• USA sends young squad to qualifiers for U-20 Women's World Cup
    The 20-player squad named by Coach Michelle French for the U-20 Women's World Cup Concacaf qualifying tournament Dec. 3-13 in San Pedro Sula, Honduras, includes 12 pre-college players and eight young enough to be eligible for the 2016 U-20 Women's World Cup as well as the 2018 edition.
  • Reffing Futsal (Part 1): Calling and counting fouls
    Futsal has been growing rapidly in the USA as it's a wonderful player development tool. But refereeing it can be a different ballgame than outdoor soccer as it's much quicker, it's played with five players to a side and a smaller low-bounce ball -- plus the rules can be kind of quirky. Coaches have said to me on numerous occasions, "Geez, by the time I understand the rules, the season will be over."
  • 'Fun, friends and health' is what youth soccer should be about (Q&A Shannon Higgins-Cirovski)
    After starting for the USA when it won the inaugural Women's World Cup on 1991, Shannon Higgins-Cirovski moved straight into college coaching. In May, after several years of coaching youth ball including at U.S. Soccer's Maryland Training Centers, Higgins-Cirovski, was named the girls Director of Coaching at Maryland youth club Bethesda SC.
  • After Concussion: Don't Just See A Doctor, Be Sure To See The Right Doctor
    Much has been written about concussion in young athletes but today I want to devote a few words to an area not often discussed: Who should the young athlete see after a suspected concussion?
  • Ref Watch: How the last game of the season can present unique challenges
    I'm a positive thinker. But all the positive-thinking in the world cannot erase the fact that refereeing is a challenging and sometimes dangerous avocation.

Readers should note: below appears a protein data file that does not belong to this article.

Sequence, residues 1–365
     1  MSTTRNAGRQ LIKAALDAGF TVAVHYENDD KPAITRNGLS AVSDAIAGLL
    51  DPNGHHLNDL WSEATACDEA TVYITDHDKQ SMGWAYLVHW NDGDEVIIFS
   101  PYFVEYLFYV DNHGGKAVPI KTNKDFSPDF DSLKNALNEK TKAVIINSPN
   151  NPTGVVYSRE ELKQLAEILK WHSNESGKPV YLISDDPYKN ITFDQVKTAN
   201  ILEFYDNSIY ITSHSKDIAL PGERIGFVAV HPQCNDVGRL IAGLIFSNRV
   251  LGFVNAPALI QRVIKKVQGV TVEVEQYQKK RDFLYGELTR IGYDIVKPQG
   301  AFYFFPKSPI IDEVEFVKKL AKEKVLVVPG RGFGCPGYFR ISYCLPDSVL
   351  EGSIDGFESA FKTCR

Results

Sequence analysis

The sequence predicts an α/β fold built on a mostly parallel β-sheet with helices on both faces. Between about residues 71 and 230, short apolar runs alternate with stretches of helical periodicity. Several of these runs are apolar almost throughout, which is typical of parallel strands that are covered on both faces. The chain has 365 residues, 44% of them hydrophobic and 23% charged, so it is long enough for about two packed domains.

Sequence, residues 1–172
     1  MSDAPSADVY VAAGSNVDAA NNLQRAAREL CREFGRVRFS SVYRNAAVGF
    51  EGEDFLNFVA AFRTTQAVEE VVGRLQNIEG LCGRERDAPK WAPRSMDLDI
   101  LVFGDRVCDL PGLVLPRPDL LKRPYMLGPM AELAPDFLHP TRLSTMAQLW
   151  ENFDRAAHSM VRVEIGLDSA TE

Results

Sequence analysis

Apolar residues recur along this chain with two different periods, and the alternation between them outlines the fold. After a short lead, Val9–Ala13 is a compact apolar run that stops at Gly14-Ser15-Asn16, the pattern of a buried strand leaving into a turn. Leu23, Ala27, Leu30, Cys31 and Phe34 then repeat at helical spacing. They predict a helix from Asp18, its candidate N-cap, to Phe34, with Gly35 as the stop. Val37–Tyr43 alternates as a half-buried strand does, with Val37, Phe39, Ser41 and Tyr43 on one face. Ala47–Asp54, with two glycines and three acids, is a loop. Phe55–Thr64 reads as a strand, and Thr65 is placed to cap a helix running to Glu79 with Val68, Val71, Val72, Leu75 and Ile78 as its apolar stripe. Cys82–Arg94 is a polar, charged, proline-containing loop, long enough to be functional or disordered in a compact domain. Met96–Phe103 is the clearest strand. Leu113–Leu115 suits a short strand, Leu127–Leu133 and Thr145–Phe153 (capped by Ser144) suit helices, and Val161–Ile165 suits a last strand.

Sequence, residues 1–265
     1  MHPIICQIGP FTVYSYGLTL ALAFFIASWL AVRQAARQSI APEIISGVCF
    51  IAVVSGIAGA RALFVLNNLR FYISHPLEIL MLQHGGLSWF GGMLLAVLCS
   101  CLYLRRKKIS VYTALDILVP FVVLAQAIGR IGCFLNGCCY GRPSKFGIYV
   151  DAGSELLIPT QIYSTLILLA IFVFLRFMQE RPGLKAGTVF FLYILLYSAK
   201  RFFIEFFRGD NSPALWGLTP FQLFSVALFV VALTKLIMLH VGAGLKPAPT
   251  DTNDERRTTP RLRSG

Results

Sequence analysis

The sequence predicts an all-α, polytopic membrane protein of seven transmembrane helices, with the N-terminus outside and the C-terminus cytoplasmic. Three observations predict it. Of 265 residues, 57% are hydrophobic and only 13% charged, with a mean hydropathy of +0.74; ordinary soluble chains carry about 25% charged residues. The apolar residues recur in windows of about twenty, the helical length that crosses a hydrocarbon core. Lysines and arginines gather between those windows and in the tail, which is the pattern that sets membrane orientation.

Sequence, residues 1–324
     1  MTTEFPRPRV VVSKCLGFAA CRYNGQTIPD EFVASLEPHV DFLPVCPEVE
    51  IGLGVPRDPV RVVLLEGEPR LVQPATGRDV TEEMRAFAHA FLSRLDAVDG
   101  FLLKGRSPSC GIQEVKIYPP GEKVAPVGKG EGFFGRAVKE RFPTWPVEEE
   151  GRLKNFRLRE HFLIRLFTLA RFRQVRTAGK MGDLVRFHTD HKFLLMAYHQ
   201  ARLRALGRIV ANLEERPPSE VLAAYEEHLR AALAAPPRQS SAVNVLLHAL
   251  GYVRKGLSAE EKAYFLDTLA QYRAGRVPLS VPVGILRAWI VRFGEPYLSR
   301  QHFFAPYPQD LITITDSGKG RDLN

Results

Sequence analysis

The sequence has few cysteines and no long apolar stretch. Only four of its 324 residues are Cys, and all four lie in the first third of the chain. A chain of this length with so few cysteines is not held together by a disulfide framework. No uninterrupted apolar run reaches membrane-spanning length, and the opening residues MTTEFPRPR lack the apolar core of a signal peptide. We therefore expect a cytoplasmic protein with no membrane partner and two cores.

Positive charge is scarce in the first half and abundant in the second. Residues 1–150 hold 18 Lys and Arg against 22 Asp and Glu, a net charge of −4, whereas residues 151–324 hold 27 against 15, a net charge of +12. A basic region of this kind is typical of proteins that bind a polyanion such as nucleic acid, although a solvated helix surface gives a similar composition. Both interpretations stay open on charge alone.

• Brain expert explains the wisdom of USSF's heading policy for youngsters
    Dr. Robert Cantu, one of the USA's leading experts on concussions in sports, responded to some of the common criticisms of the U.S. Soccer Federation's recommendations on heading in youth soccer in an interview with SI.com's Grant Wahl.
  • The border tug of war: Mexico courting U.S. talent is a 'good sign'
    In 1998, the Mexican government changed its laws to allow dual citizenship, thus enabling U.S.-born Mexican-Americans to obtain Mexican citizenship. The measure, combined with the rise of the U.S. game, spurred aggressive scouting of U.S. youth with Mexican heritage by the Mexican federation (FMF).
  • Heading ban for 10-year-olds and younger makes sense, but important concussion questions remain
    In recent years, new science has provided clearer information on the dangers of concussions and studies have revealed their frequency in youth soccer. It seemed that it would be only a matter of time before the game's governing bodies seriously addressed the issue.
  • Stop interrupting: Substitute sensibly
    Part of this I found amusing as I reffed 8-year-old boys whose coach had them wear scrimmage bibs on the sideline like they do in the pros.
  • College Choice: Taking the right steps makes the process more enjoyable
    Selecting the right college can be frustrating, and even cause anxiety for many families. Many kids will start thinking about their dream college as a freshman in high school, some will take a "wait and see" approach, while others will just simply wait till the last minute hoping to "get recruited" before they consider which college is right for them.
  • Throw-ins: What refs get wrong and what coaches can do right
    What rule do refs in the youth game tend to get wrong most often?
  • U.S. Soccer still banking on U-17 Residency Program in Bradenton
    The U.S. Soccer Federation launched the U-17 Residency Program in Bradenton, Fla., in 1999. Later that year, the USA finished fourth at the U-17 World Cup in Zealand.